I've run D&D without magic. It technically works, but there's a lot missing.
TLDR: The easy way is to cut all classes/subclasses/races/subraces that are too magical for your setting, and to fluff any remaining magic (e.g. monk ki, artificer spellcasting) as being mundane. Provided most of the problems have mundane solutions then the campaign will function, but there will be some voids in the design space (mainly mental attributes being unimportant).
The hard way is to redesign or replace all spellcasting classes with fully-featured nonmagical equivalents. This is not as simple as swapping Spellcasting for some other feature; the spellcasting classes will need to be rebuilt from the ground up or replaced entirely.
Or you could follow Groody's advice and use a different system better suited to the campaign you are trying to run.
I've run a D&D campaign without magic. It was a medieval-esque setting rather than a cyberpunk setting. The story pitted a nonmagical imperial military against a magical fey incursion, with the player characters' lack of magic providing contrast with the fey and emphasising the fantastical nature of magic.
I banned classes, subclasses, and races with overtly magical powers. This restricted the class selection to Fighters, Rogues, (Berserker) Barbarians, and some Monks (for Tier 1 and 2 you can pretend Monks are non-magical; Way of the Open Palm and Kensei are obvious choices, although a player persuaded me to allow Way of Mercy which we fluffed as acupressure and rapid first aid). Elves, forest gnomes, tieflings, and dragonborn were out, but other PHB races were fine.
The game was "balanced", in the sense that all remaining options were still viable. The campaign was successful and my players enjoyed it. However, there are a few caveats.
You obviously cannot rely on your players having any magical solutions to problems. As long as most of the problems you present to your players are mundane in nature, they should be able to use mundane solutions. But if you drop a forcecage on the party then obviously they will have a bad time.
Healing is almost non-existent outside of magic. My party had a Way of Mercy monk, and I really appreciated having a healer like that. Besides that, someone could take the Healer feat. Otherwise, you may need to homebrew some other healing solutions. I included some healing remedies which recovered hit points over a few minutes, to allow for faster healing between encounters.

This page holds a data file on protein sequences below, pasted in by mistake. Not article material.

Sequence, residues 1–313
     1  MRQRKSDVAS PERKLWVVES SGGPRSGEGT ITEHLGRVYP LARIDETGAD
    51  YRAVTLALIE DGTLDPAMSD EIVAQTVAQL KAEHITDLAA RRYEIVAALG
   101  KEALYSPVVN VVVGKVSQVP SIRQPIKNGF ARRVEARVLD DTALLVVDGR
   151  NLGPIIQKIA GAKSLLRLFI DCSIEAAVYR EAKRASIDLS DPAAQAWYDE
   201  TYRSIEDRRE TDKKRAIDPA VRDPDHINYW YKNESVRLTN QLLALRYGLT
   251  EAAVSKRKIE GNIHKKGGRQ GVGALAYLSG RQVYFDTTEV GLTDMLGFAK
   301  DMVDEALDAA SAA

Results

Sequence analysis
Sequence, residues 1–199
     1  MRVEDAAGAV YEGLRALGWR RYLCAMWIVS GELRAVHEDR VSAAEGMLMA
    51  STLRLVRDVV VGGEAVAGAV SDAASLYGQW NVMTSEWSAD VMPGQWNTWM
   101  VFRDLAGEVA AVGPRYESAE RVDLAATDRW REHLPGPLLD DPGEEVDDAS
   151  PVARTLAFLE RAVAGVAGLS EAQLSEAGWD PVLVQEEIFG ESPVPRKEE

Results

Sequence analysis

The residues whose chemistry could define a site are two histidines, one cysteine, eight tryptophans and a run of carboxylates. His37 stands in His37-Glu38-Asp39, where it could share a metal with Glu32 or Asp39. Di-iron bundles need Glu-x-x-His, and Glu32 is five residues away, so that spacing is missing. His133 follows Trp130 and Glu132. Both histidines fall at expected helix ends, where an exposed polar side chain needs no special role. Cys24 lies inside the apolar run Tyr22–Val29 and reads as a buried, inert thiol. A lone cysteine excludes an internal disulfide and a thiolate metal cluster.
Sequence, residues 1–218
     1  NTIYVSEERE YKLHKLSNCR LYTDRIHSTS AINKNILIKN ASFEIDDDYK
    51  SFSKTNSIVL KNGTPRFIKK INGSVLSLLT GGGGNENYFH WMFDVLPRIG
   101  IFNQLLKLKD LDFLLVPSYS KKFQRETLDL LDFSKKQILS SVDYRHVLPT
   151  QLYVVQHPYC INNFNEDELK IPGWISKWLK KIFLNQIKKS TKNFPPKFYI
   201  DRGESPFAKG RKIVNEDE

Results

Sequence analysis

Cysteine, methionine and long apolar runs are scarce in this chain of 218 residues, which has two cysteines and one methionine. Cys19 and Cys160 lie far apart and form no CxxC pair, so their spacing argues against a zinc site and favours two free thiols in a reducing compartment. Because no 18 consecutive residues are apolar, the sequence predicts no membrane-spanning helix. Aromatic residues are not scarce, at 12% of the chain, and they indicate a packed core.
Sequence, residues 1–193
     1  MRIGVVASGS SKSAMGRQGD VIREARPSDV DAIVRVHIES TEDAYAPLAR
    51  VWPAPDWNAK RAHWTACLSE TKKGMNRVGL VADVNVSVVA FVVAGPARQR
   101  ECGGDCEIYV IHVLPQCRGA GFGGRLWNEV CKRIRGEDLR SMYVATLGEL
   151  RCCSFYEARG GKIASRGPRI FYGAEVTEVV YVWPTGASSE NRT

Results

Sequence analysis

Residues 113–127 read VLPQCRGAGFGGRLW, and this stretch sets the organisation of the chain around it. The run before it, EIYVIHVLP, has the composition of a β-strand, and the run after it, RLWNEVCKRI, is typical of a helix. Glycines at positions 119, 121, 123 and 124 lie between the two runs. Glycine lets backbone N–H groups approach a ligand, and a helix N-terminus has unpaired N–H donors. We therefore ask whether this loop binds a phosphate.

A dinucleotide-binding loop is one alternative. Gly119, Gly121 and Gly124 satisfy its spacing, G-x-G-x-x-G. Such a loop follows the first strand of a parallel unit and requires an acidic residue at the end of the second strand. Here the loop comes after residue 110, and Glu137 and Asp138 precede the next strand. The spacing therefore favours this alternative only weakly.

You would want to be careful about using monsters which are resistant/immune to nonmagical damage. Monks can bypass this, but other classes cannot. You will want to provide another way to overcome the resistance/immunity (in my campaign, it was iron/steel, because fey), or not use that resistance/immunity.
The biggest shortfall, though, was that scrapping most of the classes meant the mental attributes (INT, CHA, WIS) were less relevant because they were not primary stats. The game still technically worked without those stats, but I could feel the asymmetry. Removing the casters left a void in the design space. If I were to run the campaign again, I would introduce some homebrew/third-party classes to fill the void (such as Kibbles' Warlord).
All these problems are a symptom of D&D having been built with magic as a ubiquitous feature. While the rules work fine without magic, and each class in 5th edition is able to stand on their own, stripping out magic leaves some big holes in the design space.
You have the benefit of working in a cyberpunk setting. Unlike my medieval-esque setting, cyberpunk has a bunch of technology which can reasonably approximate a lot of magic. Advanced technology can fill the space of magic items. Artificers already have their spellcasting flavoured as them using technology so artificers could probably be used as-is. Bards and clerics probably won't work as-is, though, so you would need to find a suitable substitute.
I'll add that I've also been a player in a steampunk Pathfinder campaign without magic (which also pitted the nonmagical people against an extraplanar magical incursion of elves). In this case the GM carefully homebrewed almost every class and race to be fully-featured without magic and to interface with the urban steampunk setting. The campaign worked excellently, but that full redesign was important, and the GM was tweaking on the fly as we tested things.
In all this, you need to consider why you are using D&D. In my case, it was because I wanted to see what happened when the players were stuck at the pointy end of the magic wand (so I still needed a magic system), and while I was running very low fantasy it was still fantasy. But running cyberpunk without magic has essentially no similarities with D&D. If all you have left is the bare bones of the mechanics and none of the genre or style, you might be better off hunting for another system which better reflects the campaign you want to run. If you still want to run D&D this way, go for it; we learn by trying. But this might be a good opportunity to branch out to another system.